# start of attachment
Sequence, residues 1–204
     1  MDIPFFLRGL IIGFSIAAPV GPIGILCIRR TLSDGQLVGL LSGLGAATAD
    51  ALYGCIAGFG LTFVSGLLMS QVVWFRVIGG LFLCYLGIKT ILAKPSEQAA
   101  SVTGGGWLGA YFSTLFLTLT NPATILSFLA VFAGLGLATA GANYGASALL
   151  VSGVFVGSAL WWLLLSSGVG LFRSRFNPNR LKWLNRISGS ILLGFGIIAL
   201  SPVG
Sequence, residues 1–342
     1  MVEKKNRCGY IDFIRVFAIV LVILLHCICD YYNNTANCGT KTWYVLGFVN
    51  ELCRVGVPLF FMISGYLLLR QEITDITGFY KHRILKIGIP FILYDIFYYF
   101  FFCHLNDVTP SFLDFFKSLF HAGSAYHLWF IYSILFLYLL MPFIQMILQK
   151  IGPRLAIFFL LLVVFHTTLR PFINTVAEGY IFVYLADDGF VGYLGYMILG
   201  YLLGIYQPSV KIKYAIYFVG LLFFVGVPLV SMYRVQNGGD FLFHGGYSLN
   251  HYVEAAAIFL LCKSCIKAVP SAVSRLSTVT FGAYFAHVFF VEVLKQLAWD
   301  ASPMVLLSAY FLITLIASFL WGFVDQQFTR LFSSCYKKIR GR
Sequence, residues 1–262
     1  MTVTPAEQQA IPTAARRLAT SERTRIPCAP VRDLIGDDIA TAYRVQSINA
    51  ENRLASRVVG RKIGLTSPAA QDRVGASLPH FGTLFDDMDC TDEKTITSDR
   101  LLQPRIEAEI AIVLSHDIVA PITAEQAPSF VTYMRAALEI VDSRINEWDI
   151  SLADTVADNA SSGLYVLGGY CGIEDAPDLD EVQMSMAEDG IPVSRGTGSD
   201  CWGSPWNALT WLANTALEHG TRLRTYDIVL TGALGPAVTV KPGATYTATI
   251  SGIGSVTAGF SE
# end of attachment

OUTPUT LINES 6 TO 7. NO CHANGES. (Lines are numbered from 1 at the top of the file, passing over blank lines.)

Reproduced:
   201  SPVG
Sequence, residues 1–342